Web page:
3 min read

OS X 10.7 (Lion): First Impressions

OS X 10.7 (Lion): First Impressions

My early thoughts on the all-new Mac OS X 10.7 (Lion — image via Apple), in trademarked bullet-point style:

  • I upgraded to a new OS for all of $30 and did not step out of my room. While this appeals to my height of laziness, you have to say that is an impressive way to function. The installation took about 35 minutes in total, not counting download time (a little over an hour).
  • (Update) Case in point, it just took me >30 minutes to download the 30MB new VLC.
  • I decided to leave the new scrolling as is and test it for a while first. In a couple of hours, the new scrolling is happening a lot more intuitively. I definitely like how full screen apps are being handled — pretty much a separate virtual desktop that you can scroll in and out of easily.
  • I’m having am amazing time using Twimbow — or I’d imagine any twitter-like application — scrolling through twitter columns is now identical to using an iPhone.
  • Mission Control is a brilliant add-on. Actually it’s not so much mission control itself, but the way this has been integrated with the new scrolling and the virtual desktops mode. Very seamless, intuitive to move around and it does what you think it would do. I also like that Dashboard has now setup its own screen on the far left (similar to the search screen on the iOS). It handles dual desktop better than before.
  • What remains to be seen is how seamless the change will be between using a Magic Mouse and using the trackpad. At my desk I use an external keyboard and mouse, whereas often during the day or when out, I’m glistening about the trackpad. Now the gestures are a bit different between them for some of the tasks, so it might take more than one try to get it right based on the input device.
  • I’m not so sure about the Mail app yet. I’m a active Gmail user for both personal and work, part of the reason is that they offer a significantly improved interface and controls, and the other part is my not having to manage my inbox and archive and so on and so forth — a major pain in Outlook days. Apple seems to have got the interface down real well, I’ll give them that, but I’m not as fast on it as I’d be on Gmail, simply with the shortcuts — I use keyboard almost entirely to sort, shift, search, archive, delete and send email in Gmail. Tab+Space vs Command-Shift-D? Yeaaa, no. That said, the interface is smooth, clean and the use in full screen mode can be very productive and focused. For now I’ll use it on and off, but the lack of labels and keyboard ease of use will deter me as a full-time Mail user. However, I can completely see why normal users (ie, non-heavy-gmail, outlook or previous Mail users) would be very happy with it.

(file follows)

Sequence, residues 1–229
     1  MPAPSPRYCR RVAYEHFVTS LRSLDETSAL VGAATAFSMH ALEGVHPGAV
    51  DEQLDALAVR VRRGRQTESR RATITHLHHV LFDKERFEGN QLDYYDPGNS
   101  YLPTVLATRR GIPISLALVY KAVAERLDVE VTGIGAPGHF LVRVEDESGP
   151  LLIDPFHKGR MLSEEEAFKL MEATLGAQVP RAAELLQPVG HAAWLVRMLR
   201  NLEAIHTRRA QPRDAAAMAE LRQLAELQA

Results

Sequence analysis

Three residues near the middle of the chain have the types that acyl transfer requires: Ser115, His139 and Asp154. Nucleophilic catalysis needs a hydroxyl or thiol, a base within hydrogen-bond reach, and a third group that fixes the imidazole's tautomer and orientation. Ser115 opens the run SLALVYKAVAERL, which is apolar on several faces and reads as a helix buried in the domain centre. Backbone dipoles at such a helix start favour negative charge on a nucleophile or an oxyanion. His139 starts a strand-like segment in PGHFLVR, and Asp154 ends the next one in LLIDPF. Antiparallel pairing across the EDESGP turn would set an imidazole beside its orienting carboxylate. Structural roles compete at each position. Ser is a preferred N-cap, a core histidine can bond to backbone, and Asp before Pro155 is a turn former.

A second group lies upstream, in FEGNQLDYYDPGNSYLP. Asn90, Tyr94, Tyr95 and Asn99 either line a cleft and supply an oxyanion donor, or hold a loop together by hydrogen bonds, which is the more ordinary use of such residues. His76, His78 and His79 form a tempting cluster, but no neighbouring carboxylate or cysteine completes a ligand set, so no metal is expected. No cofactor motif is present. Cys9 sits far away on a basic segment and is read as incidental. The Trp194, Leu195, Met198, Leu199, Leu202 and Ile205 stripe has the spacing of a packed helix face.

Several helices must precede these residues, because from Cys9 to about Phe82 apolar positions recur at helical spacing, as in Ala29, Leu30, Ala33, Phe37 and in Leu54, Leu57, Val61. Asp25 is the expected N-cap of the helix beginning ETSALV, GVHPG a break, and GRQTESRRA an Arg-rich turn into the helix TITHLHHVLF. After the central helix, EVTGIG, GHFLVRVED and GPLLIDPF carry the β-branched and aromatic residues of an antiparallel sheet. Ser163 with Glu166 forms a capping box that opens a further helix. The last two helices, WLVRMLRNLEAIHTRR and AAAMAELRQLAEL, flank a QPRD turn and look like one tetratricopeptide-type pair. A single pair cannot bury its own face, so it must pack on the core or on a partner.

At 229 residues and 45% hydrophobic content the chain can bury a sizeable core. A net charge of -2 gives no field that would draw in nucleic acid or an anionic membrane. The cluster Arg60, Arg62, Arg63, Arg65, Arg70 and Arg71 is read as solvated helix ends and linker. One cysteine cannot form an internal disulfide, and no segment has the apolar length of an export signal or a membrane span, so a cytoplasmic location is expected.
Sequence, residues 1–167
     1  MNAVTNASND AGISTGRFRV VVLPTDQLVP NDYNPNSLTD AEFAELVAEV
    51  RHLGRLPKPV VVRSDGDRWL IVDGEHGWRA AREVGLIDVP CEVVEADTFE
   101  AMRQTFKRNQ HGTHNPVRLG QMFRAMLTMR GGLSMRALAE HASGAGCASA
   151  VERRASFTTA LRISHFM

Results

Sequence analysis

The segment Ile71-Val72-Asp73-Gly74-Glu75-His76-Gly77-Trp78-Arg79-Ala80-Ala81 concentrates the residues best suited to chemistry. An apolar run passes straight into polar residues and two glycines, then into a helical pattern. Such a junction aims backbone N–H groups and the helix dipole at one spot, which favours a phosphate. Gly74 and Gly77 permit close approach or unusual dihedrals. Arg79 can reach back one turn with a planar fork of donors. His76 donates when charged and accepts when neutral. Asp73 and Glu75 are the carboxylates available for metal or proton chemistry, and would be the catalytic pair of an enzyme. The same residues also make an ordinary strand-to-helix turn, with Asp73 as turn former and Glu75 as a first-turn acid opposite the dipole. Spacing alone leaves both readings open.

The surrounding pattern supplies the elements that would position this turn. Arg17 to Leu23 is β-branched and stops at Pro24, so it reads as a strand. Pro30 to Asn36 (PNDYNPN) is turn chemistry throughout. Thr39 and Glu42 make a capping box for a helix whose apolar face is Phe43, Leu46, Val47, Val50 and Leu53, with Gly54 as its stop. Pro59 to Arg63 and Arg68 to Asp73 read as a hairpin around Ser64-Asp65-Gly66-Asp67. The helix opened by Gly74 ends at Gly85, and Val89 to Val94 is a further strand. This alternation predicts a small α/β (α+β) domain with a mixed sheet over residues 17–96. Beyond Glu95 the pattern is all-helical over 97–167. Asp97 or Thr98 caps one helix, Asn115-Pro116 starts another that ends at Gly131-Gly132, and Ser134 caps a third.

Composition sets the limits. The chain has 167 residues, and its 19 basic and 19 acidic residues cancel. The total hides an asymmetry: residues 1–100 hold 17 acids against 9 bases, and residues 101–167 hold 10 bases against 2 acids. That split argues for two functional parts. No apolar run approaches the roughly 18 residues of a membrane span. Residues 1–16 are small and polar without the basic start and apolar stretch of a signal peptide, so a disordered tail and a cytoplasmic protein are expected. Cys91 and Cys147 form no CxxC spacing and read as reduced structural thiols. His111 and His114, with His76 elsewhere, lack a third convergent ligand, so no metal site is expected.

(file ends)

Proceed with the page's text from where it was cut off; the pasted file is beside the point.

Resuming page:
• So far, I’ve not run into an app compatabilities. However, apps that would improve upon the finder, such as say Dropbox which adds menu options have lost these, so a re-install will be necessary. At the same time, a variety of my pre-Lion preferences (such as changing my screenshot folder) have stayed on.
  • The all new account syncing is actually quite good, although surprising. Using my stored account info the keychain, it managed to figure out that I used 3 chat accounts that also had calendar, contacts and email attached to it, imported the accounts and gave me a prompt to chose what I wanted synchronized. Nifty.
  • I also get a feeling that the Dock is on its way out. I was barely using it anyway — a combination of Alfred and Spotlight pretty much give me everything I’d want — but with Launchpad coming on as a visual ‘Let me see all my apps’ option…
  • Finder, and just general interface wise, it’s looking a bit more polished. The buttons looks almost Chrome-HTML5 like and snazzier, and there are definitely some adjustments to contrast, shading and general whiteness.

It’s still early days. Still, 1 million downloads on Day 1 is pretty staggering (think $30m revenue and no shipping/box costs). I haven’t tried everything yet, particularly Resume & Versioning.

Overall, I think I now understand Apple’s Back to the Mac campaign a lot better. They have learnt some sharp lessons from the iOS adoption and incorporated them with good insight into the OS. Launchpad, Scrolling and Full Screen apps are great additions to both experience and productivity — and mission control seems to be a much-upgraded version of Spaces+Dashboard without losing their usefulness. I’m happy so far.

Be happy to hear your thoughts too!